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Clin Infect Dis. 2014 Oct 15;59(8):1113-22. doi: 10.1093/cid/ciu587. Epub 2014 Jul 21.

A systematic review: can one prescribe carbapenems to patients with IgE-mediated allergy to penicillins or cephalosporins?

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  • 1Department of Pediatrics, University of Alberta and Stollery Children's Hospital, Edmonton, Canada.

Erratum in

Abstract

BACKGROUND:

Cross-reactivity between penicillins or cephalosporins and carbapenems is anticipated as all have a beta lactam ring. However, the true incidence of immunoglobulin (Ig)E-mediated cross-reactivity is not known.

METHODS:

A systematic review was conducted to collect and combine all published data on children and adults reported to have a clinical history of IgE-mediated hypersensitivity to a penicillin and/or cephalosporin who were subsequently given a carbapenem. Reactions were classified as proven, suspected, or possible IgE-mediated and non-IgE-mediated.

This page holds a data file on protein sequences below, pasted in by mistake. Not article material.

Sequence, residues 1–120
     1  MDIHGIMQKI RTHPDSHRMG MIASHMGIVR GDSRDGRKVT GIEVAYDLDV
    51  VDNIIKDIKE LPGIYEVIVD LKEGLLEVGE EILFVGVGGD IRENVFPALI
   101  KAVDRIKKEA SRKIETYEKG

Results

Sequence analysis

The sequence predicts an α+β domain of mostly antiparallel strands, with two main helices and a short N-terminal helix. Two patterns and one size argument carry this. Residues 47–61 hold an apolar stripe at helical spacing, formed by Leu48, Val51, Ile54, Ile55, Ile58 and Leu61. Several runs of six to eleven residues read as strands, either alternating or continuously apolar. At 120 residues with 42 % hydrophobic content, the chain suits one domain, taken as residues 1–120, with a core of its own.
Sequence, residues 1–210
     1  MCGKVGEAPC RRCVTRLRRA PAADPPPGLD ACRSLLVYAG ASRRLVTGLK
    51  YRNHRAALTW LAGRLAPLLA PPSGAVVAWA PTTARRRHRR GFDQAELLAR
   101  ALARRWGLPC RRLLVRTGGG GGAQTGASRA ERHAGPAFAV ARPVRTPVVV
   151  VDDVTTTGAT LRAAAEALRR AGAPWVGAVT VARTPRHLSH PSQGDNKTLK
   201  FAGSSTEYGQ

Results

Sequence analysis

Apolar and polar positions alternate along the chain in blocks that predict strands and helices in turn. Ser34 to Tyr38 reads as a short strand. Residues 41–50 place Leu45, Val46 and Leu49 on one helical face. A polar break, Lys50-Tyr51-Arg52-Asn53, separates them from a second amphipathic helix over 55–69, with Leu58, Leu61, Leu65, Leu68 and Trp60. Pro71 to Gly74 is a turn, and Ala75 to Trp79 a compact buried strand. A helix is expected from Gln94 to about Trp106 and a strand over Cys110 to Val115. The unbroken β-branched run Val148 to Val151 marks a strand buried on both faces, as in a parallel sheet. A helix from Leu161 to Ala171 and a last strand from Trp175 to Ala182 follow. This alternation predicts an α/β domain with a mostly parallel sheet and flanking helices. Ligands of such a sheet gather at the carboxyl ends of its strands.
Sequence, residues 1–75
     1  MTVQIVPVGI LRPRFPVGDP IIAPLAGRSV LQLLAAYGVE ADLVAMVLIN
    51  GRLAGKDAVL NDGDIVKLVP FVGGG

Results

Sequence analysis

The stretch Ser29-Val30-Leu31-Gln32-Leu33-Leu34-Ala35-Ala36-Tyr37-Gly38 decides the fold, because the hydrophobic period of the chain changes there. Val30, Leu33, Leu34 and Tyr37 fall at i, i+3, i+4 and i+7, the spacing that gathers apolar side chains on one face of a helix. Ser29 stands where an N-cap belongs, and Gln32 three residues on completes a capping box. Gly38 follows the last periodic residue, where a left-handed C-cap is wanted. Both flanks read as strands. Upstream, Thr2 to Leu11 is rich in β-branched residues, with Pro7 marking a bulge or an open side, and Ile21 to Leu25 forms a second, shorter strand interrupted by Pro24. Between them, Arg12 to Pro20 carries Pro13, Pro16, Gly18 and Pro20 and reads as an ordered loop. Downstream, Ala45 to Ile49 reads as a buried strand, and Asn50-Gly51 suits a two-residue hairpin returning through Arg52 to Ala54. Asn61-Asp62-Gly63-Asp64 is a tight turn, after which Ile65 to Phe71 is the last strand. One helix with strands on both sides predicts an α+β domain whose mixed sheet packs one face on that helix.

RESULTS:

Ten studies and 12 case reports describing 854 participants fit the study criteria. For patients with previous proven, suspected, or possible IgE-mediated penicillin reactions (N = 838), the incidence of any type of suspected hypersensitivity reaction to a carbapenem was 36/838 (4.3%; 95% confidence interval [CI], 3.1%-5.9%) and the incidence of proven (1/838), suspected (0/838), or possible (19/838) IgE-mediated reactions was 20/838 (2.4%; 95% CI, 1.6%-3.7%). Of the subset of patients with positive penicillin skin tests (n = 295), only 1 had a hypersensitivity reaction (0.3%; 95% CI, .06%-1.9%), and this was a possible IgE-mediated reaction. For patients with previous proven, suspected, or possible IgE-mediated cephalosporin reactions (N = 12), the incidence of any type of hypersensitivity reaction to a carbapenem was 3/12 (25%); this included 2 non-IgE-mediated reactions and 1 possible IgE-mediated reaction.

CONCLUSIONS:

The cross-reactivity between penicillins and carbapenems for IgE-mediated reactions is very low, but caution is still advised. Cross-reactivity rates may be higher between cephalosporins and carbapenems; however, minimal data are available.

© The Author 2014. Published by Oxford University Press on behalf of the Infectious Diseases Society of America. All rights reserved. For Permissions, please e-mail: journals.permissions@oup.com.

KEYWORDS:

carbapenem; cephalosporin; cross-reactivity; drug allergy; penicillin

PMID:
25048853
[PubMed - indexed for MEDLINE]
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